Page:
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Manteca loses less water than national average
water waste

Manteca municipal water losses are below 10 percent.

Such losses — primarily leakage from aging transmission lines and service pipes prior to reaching customers’ meters — sounds high.

But it is significantly below the national average of 16 percent as reported by the Water Quality and Heath Council.

Data in the city’s updated water plan the City Council adopted several months ago has water loss information from 2016 to 2020.

The city used 11,536 acre feet of water in 2016 but lost 1,159 acre feet or 10 percent of all water it treated.

In the next three years water losses plunged.

It dropped down to 455 acre feet in 2019 while overall water production rose to 13,285 acre feet.

The most recent year for water loss — 2019 — showed it has jumped back to 1,073 acre feet.

And while the master plan the city paid close to $1 million for doesn’t list  the water consumption in 2020, if it matched the previous year the water loss would have been below 8 percent.

At the beginning of 2022, there were 289 miles of water pipeline in Manteca. That amount of pipeline — if placed end-to end — would stretch from Manteca to the edge of the San Fernando Valley just north of the Six Flags amusement park in Valencia.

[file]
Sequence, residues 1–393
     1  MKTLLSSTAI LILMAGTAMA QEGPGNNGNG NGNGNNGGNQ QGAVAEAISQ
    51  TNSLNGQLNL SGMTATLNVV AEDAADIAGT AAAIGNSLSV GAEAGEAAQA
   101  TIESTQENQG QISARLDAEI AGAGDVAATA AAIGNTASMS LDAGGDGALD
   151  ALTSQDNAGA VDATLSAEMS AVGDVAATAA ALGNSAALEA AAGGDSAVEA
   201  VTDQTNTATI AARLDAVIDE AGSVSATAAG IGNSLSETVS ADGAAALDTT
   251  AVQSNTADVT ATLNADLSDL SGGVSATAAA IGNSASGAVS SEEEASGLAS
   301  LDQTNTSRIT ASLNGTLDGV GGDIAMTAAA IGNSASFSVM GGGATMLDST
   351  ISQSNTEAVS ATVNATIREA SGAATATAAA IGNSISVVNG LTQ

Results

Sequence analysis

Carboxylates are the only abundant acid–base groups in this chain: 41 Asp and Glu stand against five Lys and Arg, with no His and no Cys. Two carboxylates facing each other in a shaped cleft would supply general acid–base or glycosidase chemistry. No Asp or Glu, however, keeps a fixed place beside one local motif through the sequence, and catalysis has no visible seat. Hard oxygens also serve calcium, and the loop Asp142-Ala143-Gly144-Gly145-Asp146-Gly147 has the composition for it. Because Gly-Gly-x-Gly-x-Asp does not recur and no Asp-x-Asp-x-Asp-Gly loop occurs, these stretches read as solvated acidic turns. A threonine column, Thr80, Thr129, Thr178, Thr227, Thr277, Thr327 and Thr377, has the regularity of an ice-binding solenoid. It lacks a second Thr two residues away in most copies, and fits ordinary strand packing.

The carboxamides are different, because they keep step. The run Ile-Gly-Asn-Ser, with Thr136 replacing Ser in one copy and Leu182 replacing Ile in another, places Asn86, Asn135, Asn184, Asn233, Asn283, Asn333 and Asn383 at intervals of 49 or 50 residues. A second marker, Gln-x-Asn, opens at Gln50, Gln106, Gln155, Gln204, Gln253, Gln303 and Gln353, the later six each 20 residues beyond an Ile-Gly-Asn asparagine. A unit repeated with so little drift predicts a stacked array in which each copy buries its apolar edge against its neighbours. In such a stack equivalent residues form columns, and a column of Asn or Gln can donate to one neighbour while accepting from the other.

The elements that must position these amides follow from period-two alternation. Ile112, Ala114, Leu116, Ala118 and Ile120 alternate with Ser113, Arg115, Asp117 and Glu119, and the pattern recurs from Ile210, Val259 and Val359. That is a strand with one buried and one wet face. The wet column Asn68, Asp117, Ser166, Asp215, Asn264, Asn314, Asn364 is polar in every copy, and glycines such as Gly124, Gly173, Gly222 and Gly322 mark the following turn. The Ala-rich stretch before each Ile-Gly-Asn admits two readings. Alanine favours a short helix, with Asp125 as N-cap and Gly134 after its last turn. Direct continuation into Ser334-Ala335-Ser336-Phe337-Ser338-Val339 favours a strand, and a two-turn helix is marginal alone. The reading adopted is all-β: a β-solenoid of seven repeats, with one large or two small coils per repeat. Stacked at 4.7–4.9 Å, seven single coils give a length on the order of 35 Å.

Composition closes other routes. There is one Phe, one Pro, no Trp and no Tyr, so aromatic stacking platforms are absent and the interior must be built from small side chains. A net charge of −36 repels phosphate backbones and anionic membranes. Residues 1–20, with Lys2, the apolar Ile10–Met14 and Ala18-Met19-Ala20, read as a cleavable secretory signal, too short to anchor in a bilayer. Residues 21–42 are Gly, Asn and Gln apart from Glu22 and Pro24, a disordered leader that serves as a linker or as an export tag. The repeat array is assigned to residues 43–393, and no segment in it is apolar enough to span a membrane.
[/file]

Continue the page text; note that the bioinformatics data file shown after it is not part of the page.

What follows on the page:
There are steel main pipelines in Manteca that are more than 70 years old.

While emergency repairs in past years have had to be done on smaller water pipelines they are not as problematic as sewer lines.

Both water and sewer lines can deteriorate from age, forces of pressure being beneath streets, and such. But what flows through the sewer lines can literally eat into pipe causing it to fail as the years unfold.

That’s what happened in 2018 when nearly a mile long segment of sewer pipe under Union Road was found to be near collapse after a section failed near the intersection with Alameda Street.

Shortly after those repairs were made, technology using cameras to inspect pipelines found  similar weaknesses on the Louise Avenue pipeline between Union Road and Main Street.

In both cases the city opted to temporarily bypass the sewer lines with above ground pipe while inserting new lining inside existing pipe.

It was considered the most cost effective way to squeeze out another 50 years or so of use.


To contact Dennis Wyatt, email dwyatt@mantecabulletin.con